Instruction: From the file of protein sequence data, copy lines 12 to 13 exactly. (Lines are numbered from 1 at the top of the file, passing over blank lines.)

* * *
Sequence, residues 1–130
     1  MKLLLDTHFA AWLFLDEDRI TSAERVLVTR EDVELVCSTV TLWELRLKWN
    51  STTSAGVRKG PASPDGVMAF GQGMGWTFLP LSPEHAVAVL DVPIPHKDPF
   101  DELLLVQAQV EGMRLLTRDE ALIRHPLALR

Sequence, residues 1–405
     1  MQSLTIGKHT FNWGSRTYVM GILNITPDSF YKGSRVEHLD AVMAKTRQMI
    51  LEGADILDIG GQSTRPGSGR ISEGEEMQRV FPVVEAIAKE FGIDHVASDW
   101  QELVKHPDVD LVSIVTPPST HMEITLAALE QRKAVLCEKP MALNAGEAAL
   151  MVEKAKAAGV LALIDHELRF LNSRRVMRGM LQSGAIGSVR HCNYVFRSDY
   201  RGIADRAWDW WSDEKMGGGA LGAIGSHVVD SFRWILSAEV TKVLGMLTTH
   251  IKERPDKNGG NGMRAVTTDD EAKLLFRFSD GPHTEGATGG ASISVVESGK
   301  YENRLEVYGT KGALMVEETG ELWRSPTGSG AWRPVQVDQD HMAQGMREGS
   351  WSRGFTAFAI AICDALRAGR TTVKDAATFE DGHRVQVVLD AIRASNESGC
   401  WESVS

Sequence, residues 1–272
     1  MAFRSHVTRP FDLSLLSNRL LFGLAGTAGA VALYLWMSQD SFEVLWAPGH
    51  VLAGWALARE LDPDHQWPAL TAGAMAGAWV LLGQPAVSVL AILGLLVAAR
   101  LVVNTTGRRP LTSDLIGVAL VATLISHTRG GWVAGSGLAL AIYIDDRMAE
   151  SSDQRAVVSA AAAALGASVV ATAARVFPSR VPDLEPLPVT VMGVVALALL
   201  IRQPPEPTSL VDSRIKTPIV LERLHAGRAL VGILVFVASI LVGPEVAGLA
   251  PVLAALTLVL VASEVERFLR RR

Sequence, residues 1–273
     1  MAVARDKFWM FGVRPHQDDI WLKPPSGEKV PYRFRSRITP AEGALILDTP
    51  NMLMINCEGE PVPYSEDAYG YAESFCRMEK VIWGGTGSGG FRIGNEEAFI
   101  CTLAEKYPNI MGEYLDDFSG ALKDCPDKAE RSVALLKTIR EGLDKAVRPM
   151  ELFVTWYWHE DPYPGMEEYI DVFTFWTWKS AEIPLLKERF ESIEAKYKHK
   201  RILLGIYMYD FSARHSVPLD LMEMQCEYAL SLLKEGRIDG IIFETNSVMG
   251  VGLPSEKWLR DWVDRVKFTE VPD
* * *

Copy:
   301  YENRLEVYGT KGALMVEETG ELWRSPTGSG AWRPVQVDQD HMAQGMREGS
   351  WSRGFTAFAI AICDALRAGR TTVKDAATFE DGHRVQVVLD AIRASNESGC